IMPACT OF STUDENTS INDUSTRIAL WORK EXPERIENCE SCHEME (SIWES) ON STUDENTS AFTER PROGRAM COMPLETION
1.1 CONTEXT FOR THE STUDY
Growing public demand and legislative expectations for accountability over the past two decades have made it imperative for administrators and researchers in higher education to consider the potential impact of student work programs on skill development, which has a direct impact on national development objectives.
According to Okpor and Hassan (2012), if Vocational Technical Education is to be meaningful and successful in Nigeria, then effective partnerships between the public and private sectors are required for VTE and skill acquisition programs. Students Industrial Work Experience (SIWES) is a skill development program designed to prepare Nigerian tertiary institution students for the transition from college to the workplace (Akerejola 2008).
Work experience, according to Oyedele (1990), is an educational program in which students engage in work activities while attending school. This program provides students with the opportunity to participate in actual work situations outside of the classroom.
The Student Industrial Work-Experience Scheme (SIWES) is a planned and supervised training intervention designed to develop the occupational competencies of the participants, based on stated and specific learning and career objectives.
All Nigerian tertiary institution students pursuing courses in “specialized engineering, technical, business, pure and applied sciences and applied arts” are required to complete this program (ITF, 2004). SIWES is therefore generic, encompassing over 60 programmes in universities, over 40 programmes in polytechnics, and approximately 10 programmes in colleges of education.
Thus, SIWES is not limited to a single field of study or academic discipline.
Education and economic planners have been concerned about the impact of Students Industrial Work Experience (SIWES), particularly with regard to graduate employment and societal development in general. Concerns are also mixed regarding the extent to which it improves students’ academic performance and job readiness after graduation. Some institutions and programs allow SIWES for a maximum of three months, while others allow it for up to one year.
Numerous studies have been conducted on the topic of student work experience and its effect on student preparedness for the challenges of the labor market. A review of the relevant literature reveals that, despite the relative simplicity of the research questions posed, the answers were controversial. It depends on the outcomes that are being measured (Furr and Elling, 2000).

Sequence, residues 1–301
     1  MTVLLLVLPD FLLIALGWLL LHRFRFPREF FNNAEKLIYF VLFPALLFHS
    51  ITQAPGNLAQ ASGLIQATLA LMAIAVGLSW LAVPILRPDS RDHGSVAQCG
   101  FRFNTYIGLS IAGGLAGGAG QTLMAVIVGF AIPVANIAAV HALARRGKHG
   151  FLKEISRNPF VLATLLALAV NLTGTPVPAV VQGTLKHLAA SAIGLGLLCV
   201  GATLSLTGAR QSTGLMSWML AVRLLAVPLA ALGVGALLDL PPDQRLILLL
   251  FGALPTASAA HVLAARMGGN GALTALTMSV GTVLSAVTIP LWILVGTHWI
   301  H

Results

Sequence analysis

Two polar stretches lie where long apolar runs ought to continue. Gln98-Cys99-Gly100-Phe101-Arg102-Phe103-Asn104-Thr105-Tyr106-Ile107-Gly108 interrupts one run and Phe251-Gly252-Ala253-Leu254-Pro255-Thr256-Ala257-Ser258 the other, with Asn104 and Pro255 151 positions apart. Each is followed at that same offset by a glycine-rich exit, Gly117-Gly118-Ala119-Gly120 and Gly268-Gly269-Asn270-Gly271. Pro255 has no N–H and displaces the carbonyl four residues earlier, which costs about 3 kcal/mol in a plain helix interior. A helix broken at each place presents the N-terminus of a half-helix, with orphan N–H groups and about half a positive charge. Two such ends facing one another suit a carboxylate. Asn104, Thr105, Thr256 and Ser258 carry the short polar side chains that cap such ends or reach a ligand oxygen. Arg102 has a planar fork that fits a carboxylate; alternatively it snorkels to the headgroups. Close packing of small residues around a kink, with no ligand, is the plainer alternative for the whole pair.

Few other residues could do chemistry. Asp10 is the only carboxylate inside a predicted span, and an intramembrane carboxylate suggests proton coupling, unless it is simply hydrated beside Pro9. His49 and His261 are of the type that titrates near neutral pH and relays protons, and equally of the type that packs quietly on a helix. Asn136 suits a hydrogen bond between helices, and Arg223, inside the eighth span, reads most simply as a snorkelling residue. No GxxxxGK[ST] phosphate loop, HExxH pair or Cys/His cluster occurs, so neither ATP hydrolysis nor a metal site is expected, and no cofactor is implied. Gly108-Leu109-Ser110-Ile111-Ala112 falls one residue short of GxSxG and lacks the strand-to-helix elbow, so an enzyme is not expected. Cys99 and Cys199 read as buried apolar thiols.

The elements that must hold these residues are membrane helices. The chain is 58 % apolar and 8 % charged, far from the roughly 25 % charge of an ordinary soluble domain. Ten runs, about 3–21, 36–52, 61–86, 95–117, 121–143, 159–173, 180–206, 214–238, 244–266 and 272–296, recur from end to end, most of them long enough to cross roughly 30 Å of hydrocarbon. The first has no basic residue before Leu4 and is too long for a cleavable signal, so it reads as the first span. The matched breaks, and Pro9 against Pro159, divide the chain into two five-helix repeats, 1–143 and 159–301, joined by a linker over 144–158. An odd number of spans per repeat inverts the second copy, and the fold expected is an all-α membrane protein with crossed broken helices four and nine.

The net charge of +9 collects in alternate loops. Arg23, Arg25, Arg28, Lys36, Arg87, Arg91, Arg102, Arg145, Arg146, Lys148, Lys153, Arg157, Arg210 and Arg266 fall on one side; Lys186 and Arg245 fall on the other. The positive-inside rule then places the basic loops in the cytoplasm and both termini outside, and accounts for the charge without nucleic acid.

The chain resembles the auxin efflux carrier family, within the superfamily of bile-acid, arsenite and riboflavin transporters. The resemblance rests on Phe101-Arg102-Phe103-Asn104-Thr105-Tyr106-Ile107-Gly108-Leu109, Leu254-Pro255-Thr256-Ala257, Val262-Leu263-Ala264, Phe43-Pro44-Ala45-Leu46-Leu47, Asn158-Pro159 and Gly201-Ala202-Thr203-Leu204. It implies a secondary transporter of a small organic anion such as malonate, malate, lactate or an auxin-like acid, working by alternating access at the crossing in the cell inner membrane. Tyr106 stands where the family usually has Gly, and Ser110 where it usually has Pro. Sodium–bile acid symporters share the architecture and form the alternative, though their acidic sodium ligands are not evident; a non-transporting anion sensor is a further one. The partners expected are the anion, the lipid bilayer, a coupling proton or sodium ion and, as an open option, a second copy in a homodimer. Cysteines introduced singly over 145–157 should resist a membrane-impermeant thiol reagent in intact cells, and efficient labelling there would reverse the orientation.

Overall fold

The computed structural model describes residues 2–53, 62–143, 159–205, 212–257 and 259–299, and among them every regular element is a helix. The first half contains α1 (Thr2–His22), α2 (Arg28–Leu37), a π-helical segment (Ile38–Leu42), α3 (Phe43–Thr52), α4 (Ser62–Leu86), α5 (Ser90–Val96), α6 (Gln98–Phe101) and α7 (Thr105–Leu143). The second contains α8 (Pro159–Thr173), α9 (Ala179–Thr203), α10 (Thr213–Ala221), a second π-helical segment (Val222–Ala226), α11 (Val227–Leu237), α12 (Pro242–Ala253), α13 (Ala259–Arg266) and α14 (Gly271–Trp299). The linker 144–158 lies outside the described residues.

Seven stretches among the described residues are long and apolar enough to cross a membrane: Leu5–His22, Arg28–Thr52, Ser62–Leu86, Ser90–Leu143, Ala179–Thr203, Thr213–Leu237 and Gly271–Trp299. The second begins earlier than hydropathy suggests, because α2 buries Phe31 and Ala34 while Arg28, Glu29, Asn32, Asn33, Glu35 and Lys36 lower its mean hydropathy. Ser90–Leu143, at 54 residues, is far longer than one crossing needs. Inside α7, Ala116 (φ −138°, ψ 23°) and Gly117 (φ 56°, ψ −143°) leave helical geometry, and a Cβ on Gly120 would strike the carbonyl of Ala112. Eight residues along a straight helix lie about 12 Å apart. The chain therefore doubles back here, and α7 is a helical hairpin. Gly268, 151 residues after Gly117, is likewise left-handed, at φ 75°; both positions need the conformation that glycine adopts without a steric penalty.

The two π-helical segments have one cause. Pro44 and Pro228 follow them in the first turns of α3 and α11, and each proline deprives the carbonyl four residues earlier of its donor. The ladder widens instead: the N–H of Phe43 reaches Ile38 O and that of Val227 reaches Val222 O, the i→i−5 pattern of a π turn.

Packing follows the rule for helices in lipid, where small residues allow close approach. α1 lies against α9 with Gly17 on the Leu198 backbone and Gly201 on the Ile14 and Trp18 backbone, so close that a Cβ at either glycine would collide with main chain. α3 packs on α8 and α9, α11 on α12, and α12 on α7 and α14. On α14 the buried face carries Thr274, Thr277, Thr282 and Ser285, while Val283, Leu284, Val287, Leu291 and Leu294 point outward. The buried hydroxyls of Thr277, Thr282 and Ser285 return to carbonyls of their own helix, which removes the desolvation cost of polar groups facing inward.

For every study that asserts the advantages of student work experience, there is an equally convincing study that asserts the exact opposite (Aper, 1994). However, the purpose of this study is to investigate the effects of the Student Industrial Work-Experience Scheme (SIWES) on students after the completion of the program.
Ugwuanyi and Ezema (2010) observed that SIWES plays an important role in Nigeria’s human resource development. In her study, Aderonke (2011) examined SIWES and the dynamics of sustainable skills acquisition and utilization in Nigeria in order to determine the viability or otherwise of continued government investment in the program. She concluded that SIWES is an effective strategy for the sustainable development and employment of skills in Nigeria.
Wodi and Dokubo (2009) assess the extent to which the agencies involved in the operation and management of SIWES function to accomplish the program’s objectives. Inadequate supervision, the non-signing of necessary documents such as ITF Form 8 and students’ logbooks at their attachment sites, the difficulty of students in obtaining placements, and the unnecessary delay in the payment of students’ and supervisors’ allowances were identified as areas of weakness.
1.2 STATEMENT OF THE PROBLEM
The Students’ Industrial Work Experience Scheme (SIWES) is a programme for the formation of human capital through industrial attachment in which students are expected to gain practical experience based on the theories and principles acquired during the teaching-learning process.
However, the widespread inability of SIWES participants to secure employment after the program or even perform effectively if given employment casts doubt on the continued relevance of SIWES to Nigeria’s current industrial development initiative.